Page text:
Talking Left, Walking Right
Meaning of Bengal Verdict
Barun Das Gupta
It would be a critical mistake to think that the ignominious
defeat of the CPI-M is a defeat of Leftism or Left politics and ideology in Bengal. The Bengal CPI-M was defeated precisely because it had ceased to be Left, precisely because it had entered into an opportunistic alliance with the Congress—the party which stands for everything that the Left stands against, be it economic liberalization, patroni-zation of crony capitalism, deepening and strengthening of strategic partnership with US imperialism or handing over the national economy to private predators.
The Bengal CPI-M's entire election campaigning was devoid of any political content and directed against a particular individual—Mamata Banerjee. Its only justification of ganging up with the Congress was a specious one—to 'save democracy' in Bengal. To save democracy? With the Congress as a co-crusader?
Let us look at history. In 1957 the first democratically elected Communist Government came to power in Kerala. It was headed by E M S Namboodiripad. It was most undemocratically and arbitrarily dismissed by the Congress which was in power at the Centre.
In 1967, the first non-Congress Government was formed in West Bengal when the two anti-Congress fronts (PULF and ULF) fighting separately won a majority, decided to merge to form the UF. The Left joined hands with Ajoy Mukherjee of Bangla Congress to form the government with Mukherjee as Chief Minister and Jyoti Basu as Deputy Chief Minister. This government was dismissed twice by Governor Dharma Vira acting as the tool of the Congress-led Centre and President's rule was imposed.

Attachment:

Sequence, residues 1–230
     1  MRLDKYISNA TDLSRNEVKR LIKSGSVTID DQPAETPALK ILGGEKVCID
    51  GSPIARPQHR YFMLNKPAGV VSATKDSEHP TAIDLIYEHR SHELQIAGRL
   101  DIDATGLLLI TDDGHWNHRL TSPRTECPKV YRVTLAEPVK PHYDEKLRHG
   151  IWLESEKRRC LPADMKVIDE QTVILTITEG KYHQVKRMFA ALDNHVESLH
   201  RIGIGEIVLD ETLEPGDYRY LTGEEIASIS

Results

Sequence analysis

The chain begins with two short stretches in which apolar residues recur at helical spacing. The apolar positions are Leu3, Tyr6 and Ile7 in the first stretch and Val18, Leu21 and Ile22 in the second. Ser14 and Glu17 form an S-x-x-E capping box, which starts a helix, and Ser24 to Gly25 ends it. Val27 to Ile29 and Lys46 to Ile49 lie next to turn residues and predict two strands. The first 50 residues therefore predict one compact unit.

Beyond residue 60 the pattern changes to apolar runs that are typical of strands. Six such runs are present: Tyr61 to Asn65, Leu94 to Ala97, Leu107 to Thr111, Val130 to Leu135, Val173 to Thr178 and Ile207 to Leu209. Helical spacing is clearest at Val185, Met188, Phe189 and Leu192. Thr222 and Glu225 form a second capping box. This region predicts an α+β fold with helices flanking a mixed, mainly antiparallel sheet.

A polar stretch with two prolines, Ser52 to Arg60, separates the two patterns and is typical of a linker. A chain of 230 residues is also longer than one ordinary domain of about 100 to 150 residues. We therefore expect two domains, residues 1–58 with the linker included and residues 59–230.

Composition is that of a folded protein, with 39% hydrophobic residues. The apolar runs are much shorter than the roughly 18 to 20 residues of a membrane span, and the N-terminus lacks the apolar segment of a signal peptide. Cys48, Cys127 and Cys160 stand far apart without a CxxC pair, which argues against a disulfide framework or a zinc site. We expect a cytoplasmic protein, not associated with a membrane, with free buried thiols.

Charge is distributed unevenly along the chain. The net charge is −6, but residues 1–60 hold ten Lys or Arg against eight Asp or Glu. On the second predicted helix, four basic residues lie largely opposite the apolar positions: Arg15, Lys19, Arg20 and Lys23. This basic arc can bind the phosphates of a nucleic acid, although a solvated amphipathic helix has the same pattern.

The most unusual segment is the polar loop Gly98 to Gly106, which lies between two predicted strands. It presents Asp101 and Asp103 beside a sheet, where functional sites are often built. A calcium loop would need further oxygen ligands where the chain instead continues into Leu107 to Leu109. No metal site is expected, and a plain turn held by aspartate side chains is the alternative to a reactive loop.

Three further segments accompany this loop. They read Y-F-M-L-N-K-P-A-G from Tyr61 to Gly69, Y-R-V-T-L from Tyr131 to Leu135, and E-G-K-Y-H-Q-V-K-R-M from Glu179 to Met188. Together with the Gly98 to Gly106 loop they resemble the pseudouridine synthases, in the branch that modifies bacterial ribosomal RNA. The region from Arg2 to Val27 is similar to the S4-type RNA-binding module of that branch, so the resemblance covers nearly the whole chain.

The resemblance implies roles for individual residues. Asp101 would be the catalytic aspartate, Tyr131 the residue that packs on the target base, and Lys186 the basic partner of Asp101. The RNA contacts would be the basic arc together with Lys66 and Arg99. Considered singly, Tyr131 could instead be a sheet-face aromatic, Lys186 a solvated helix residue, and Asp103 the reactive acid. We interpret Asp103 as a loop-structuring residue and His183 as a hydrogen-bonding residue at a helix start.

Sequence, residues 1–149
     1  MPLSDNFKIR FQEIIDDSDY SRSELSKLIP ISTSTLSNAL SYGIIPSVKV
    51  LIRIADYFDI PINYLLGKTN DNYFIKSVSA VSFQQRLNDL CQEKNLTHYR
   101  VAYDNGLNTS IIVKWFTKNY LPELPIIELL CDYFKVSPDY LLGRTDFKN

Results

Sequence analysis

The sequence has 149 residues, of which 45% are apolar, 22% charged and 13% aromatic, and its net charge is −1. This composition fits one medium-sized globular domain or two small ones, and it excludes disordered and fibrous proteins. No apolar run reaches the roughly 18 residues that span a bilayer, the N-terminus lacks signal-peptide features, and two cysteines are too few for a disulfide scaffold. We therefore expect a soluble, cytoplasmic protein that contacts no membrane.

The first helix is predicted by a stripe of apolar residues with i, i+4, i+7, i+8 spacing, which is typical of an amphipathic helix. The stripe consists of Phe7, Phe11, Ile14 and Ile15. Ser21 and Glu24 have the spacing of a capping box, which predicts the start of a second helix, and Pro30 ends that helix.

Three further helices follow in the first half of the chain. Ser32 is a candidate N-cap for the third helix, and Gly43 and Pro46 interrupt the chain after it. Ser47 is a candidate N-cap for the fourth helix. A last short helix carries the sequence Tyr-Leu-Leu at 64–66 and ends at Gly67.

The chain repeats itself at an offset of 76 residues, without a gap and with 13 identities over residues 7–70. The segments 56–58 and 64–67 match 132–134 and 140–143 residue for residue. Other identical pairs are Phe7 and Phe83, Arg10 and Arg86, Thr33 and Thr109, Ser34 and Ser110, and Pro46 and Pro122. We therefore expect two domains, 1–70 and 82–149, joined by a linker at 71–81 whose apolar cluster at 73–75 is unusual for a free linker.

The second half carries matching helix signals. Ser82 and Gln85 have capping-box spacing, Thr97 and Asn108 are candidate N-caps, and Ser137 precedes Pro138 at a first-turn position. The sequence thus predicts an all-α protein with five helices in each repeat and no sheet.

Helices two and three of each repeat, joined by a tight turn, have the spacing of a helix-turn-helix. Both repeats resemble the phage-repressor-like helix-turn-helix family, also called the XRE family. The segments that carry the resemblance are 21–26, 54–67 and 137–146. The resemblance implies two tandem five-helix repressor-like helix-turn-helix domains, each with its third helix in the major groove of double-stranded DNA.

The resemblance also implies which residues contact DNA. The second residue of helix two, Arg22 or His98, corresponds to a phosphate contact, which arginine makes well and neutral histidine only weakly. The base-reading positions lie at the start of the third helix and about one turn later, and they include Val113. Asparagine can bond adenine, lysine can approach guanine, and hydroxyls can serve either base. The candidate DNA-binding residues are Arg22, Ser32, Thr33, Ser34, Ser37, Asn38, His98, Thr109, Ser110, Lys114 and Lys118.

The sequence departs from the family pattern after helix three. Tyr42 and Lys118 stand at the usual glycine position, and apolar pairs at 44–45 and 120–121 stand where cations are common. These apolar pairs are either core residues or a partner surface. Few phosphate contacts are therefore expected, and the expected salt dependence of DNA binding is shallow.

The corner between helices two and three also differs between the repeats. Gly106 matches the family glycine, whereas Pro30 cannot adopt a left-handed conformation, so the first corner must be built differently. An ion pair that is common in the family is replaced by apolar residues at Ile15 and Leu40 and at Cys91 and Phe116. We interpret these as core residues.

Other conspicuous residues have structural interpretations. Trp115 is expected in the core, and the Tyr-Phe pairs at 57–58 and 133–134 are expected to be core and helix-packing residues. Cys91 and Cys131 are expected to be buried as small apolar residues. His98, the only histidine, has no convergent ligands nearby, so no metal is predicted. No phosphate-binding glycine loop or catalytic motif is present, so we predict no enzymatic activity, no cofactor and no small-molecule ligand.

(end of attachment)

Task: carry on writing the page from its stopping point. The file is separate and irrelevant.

In 1972, under President's rule, Assembly elections were held in West Bengal. That was the first time the people of West Bengal came to know at first hand what is State terrorism. It was such a 'democratically' held election that the Left was decimated. Even the most popular icon of the Left, Jyoti Basu, was 'defeated' at his home constituency of Baranagar. In protest the few Left MLAs who could get elected boycotted the State Assembly for the whole of its term.
In 1977, Prime Minister Indira Gandhi's election was declared null and void by the Allahabad High Court. She refused to resign. Instead, she declared internal emergency, jailed wholesale leaders and workers of parties opposed to her, gagged freedom of expression and took away even the Constitutionally guaranteed fundamental rights of the citizens.
This is the 'democratic record' of the Congress. It is with this Congress that the CPI-M chose to join hands (both literally and figuratively) to 'save democracy' in the State. It forgot its own record of brutal suppression of all critics and opposition parties during its 34 years of uninterrupted rule which set a record in negation of democracy.